01 February - 17 February
Playhouse, QPACBuy tickets
In a nutshell
A razor sharp rom-com that blends Guess Who’s Coming to Dinner with Meet the Fockers
Two politically powerful families at war. A son and daughter helplessly in love, defying their parents. You’ve heard this story before – but what if Romeo was white, Juliet was black and the war mainly fought on Twitter?
After a whirlwind romance, hotshot lawyer Charlotte Gibson and penniless avant-garde cellist Francis Smith are engaged. One thing stands in the way: Charlotte’s the favourite daughter of Australia’s most charismatic Aboriginal politician, and Francis is the son of his dour and stridently conservative rival. It’s been mutual hatred for decades, sparked by an infamous shoe-throwing incident on the floor of parliament.
As the two bitterly entrenched families collide in the Gibson’s glitzy holiday mansion over an Aussie Christmas dinner, the long-standing feud comes to a head. Cue a sharp-witted and riotously funny struggle for dominance where barbed insults fly, secrets come flooding out and hypocrisies of all kinds – race, gender, religion, status – are mercilessly skewered.
Black is the New White sold out its world premiere season at Sydney Theatre Company in 2017, a triumph for Queensland Theatre’s director Paige Rattray, writer Nakkiah Lui and designer Renée Mulder. Now it’s coming to Brisbane.
BENJAMIN LAW: Responding Artist for BLACK IS THE NEW WHITE
'Romantic comedy' is the whitest movie genre of all time. Come on. Name one rom-com where the main romantic interests aren’t exclusively white*.
To help us along, here are some of the most popular rom-coms of all time: When Harry Met Sally (white), Bridget Jones’s Diary (white), Sleepless in Seattle (white), Pretty Woman (white), Notting Hill (white), You’ve Got Mail (white), The Wedding Singer (white), Four Weddings and a Funeral (white).
Even when there’s someone black – say, Chiwetel Ejiofor’s character in Love, Actually – they’re one in an ensemble of roughly 49,708 white cast members, absent from most of the cast photos and don’t appear on the DVD cover at all (despite the fact Ejiofor’s now an Oscar nominee). Ejiofor’s plotline? To be utterly oblivious that his marriage with Keira Knightly is being undermined by his white best friend. And here’s the clincher: we’re supposed to barrack for his creepy white best friend and his stalker-ish behaviour. It really is a garbage film.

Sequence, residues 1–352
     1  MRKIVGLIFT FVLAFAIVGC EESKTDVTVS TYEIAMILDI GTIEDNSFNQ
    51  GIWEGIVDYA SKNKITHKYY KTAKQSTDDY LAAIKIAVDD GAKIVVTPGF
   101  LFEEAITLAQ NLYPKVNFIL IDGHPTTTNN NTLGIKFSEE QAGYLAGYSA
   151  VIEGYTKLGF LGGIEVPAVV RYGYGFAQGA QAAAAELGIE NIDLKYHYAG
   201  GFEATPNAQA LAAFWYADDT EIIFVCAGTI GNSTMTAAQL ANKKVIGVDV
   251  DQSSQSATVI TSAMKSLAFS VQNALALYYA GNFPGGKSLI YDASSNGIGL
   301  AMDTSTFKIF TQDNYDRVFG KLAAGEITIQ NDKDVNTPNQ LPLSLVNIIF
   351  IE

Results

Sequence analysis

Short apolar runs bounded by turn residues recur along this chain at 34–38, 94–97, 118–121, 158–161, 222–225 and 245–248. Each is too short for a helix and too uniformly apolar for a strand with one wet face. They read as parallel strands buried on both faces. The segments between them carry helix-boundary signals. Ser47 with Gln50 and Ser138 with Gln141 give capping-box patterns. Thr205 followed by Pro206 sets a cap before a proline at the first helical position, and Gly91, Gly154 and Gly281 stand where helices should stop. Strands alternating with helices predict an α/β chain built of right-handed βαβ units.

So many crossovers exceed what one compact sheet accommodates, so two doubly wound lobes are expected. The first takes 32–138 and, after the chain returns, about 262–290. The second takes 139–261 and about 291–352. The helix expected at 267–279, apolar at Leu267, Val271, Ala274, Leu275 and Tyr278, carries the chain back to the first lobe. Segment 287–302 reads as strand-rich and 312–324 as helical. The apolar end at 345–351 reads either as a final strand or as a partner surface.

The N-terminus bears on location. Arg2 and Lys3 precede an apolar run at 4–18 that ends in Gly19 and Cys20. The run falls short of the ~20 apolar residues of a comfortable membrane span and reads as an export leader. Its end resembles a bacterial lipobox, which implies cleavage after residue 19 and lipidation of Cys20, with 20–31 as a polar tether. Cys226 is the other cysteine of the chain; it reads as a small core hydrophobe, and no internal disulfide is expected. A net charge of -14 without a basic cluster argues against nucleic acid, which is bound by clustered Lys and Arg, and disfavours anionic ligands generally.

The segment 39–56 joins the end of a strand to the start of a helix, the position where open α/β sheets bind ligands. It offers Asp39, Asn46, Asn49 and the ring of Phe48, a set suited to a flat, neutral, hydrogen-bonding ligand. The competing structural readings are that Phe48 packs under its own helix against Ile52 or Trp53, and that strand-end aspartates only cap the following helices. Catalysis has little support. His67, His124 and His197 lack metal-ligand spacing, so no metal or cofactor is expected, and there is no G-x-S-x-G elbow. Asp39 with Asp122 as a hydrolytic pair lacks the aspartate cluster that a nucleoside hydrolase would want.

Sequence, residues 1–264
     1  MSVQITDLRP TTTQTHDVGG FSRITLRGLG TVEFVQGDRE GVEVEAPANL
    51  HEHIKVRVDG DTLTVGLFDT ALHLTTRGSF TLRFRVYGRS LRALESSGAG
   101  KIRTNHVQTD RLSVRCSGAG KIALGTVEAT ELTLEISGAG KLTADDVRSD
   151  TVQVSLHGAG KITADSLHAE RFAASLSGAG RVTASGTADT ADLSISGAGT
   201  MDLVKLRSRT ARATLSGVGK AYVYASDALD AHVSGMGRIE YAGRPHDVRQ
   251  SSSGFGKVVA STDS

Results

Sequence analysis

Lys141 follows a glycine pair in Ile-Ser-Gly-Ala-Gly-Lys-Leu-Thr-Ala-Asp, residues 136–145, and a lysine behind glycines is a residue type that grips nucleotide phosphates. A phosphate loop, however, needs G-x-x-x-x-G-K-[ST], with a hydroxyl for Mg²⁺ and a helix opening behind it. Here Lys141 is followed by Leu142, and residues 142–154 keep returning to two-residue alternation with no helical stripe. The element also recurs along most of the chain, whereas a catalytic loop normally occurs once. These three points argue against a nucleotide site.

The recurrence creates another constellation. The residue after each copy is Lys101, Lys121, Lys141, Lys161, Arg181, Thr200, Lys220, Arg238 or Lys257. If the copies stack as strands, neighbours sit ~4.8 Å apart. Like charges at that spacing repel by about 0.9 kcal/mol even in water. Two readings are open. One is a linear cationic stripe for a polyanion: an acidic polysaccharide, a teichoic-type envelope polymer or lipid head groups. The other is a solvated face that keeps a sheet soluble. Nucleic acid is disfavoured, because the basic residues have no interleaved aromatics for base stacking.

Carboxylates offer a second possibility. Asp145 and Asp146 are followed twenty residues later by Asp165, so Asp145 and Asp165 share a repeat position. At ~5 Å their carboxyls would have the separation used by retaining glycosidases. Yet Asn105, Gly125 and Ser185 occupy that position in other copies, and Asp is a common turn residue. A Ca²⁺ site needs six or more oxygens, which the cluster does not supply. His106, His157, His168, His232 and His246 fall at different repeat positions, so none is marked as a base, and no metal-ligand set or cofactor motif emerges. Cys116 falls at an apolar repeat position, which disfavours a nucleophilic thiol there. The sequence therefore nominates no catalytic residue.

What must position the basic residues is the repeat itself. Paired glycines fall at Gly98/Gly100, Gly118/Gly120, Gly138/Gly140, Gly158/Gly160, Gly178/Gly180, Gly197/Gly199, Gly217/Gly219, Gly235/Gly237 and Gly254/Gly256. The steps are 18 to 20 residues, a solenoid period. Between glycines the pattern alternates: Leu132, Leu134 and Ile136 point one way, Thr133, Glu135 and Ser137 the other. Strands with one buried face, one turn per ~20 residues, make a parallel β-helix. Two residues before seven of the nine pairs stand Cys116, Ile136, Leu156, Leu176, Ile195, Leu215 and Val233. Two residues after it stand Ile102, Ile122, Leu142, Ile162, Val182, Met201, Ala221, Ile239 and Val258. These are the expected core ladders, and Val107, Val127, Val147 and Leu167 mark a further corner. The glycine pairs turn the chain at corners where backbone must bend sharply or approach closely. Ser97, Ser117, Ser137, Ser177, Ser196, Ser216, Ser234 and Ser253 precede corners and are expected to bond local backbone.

“Well look, I didn’t notice those films were all white until you pointed it out,” some of you are thinking. “You did. So if you’re so obsessed with race, then, uh … maybe you’re the racist? Because, at the end of the day, aren’t we all part of the same race? The human race?”
What a luxury and privilege it must be to never have to think about race, or to consider yourself as not even having one – an exclusively white pastime, when you think about it. But here’s the thing: race matters, especially when yours is excluded from civic life, politics and the arts. And yes, that includes romantic comedies. How lucky we are, then, that Black is the New White is such a damn good one.
*Here are some:
My Fat Greek Wedding, Hitch, Bend It Like Beckham, How Stella Got Her Groove Back, Coming to America. Bonus points if you got ‘em.
Queensland Theatre wants to make your experience of every show unique. To give you fresh insights into our productions, we have invited a notable artist from another discipline to respond to each play – what it means to them, and how they see it in a broader artistic or societal context. For Black is the New White we engaged Benjamin Law, journalist, columnist, TV screenwriter and author of two books – The Family Law (2010) and Gaysia: Adventures in the Queer East (2012). Both were nominated for Australian Book Industry Awards. The Family Law is now an AACTA-nominated TV series for SBS.
You can view Benjamin's full response piece "DAIRY QUEEN" below:
Find out more
Please note that Wednesday 14 February, 1pm matinee performance of Black is the New White has been postponed due to unforeseen circumstances and has been moved to Friday 16 February, 1pm.
If you are able to attend Friday 16 February at 1pm just hold on to your current ticket as it will be valid for Friday's performance (same door and seat allocation).
Alternatively, please click on the button below to nominate what you would like to do with your tickets.
Cast Includes Tony Briggs, Luke Carroll, Vanessa Downing, Geoff Morrell, Melodie Reynolds-Diarra, Shari Sebbens, Tom Stokes, Miranda Tapsell, Anthony Taufa
Designer Renée Mulder
Lighting Designer Ben Hughes
Composer/Sound Designer Steve Toulmin
Accessibility Auslan Interpreted (Mon 5 Feb), Audio Described (Thu 15 Feb + Sat 17 Feb, 2.00pm)
Tuesday 30 January, 6pm - 7pm
This production contains coarse language, use of herbal cigarettes, brief nudity and drug use.
Approximately 2 hours and 40 minutes, including a 20 minute interval.
Information for Schools
A Sydney Theatre Company Production Black is the New White was originally commissioned by Sydney Theatre Company with the support of the Malcolm Robertson Foundation. Original production supported by the STC Donor Syndicate.